The words of one of our great presidents provide an appropriate guide for reflection on Suhael Momin’s recent column (Parlez-vouz une autre langue?, 09/19/2005). The column is a convincing prima facie argument that the proposed “2-2” foreign language plan is a “watered-down” resolution for students wanting the easy way out.

Yet Momin’s column fails to even examine the benefits of a proposed change in the requirement. It reeks of an ignorance of the benefits of learning different types of languages concurrently and instead relies upon the stereotype that all one knows how to do after learning two semesters of a language is to ask where the bathroom is.

All I can provide in rebuttal is my own experience, having studied two very different languages, Spanish and ancient Greek. But this study has been one that is invaluable and unmatched throughout my college education. There are benefits to learning a practical skill such as conversational Spanish, but studying contrasting languages has been a far more engaging experience. The study of ancient Greek and the roots of Western culture is an exploration far beyond the acquisition of a specific skill. Translating seminal texts such as Plato’s Republic or the Bible after two semesters of Greek has been an unparalleled intellectual exercise and one of the few instances that could be defined as “critical thinking.”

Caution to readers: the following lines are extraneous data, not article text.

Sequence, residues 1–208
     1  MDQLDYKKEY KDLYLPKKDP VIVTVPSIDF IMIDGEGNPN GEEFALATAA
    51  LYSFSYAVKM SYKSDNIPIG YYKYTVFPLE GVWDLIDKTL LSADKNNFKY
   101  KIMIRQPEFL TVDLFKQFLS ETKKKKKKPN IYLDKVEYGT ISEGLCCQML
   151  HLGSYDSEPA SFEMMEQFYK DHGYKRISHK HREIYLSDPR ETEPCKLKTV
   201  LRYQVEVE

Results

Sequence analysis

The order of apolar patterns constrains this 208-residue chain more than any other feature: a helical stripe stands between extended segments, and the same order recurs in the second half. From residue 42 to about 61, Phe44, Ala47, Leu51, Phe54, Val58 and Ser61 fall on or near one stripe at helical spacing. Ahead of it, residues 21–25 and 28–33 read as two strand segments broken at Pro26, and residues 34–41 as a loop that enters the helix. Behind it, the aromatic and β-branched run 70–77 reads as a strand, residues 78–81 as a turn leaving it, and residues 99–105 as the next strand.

At a world-class institution such as the University, it seems it would be more academically appropriate to examine whether a proposal can benefit those who wish to pursue their educational goals and excel. Instead, I was disappointed to see the blatant pessimism directed toward our student body’s apparent inclination to abuse the proposal.

However, it speaks well of Momin that he recognizes the ultimate goals of the foreign language requirement. It is imperative that we look to the principles that guide the University for direction in this matter. Thankfully, University President Mary Sue Coleman outlined four principles at the April 2004 meeting with the University Board of Regents for the benefit of the student body. She concluded that the University “will create greater access to Michigan’s academic quality.” By supporting the new language proposal, we will we have the opportunity to reach that goal.

Matt Hanley

LSA senior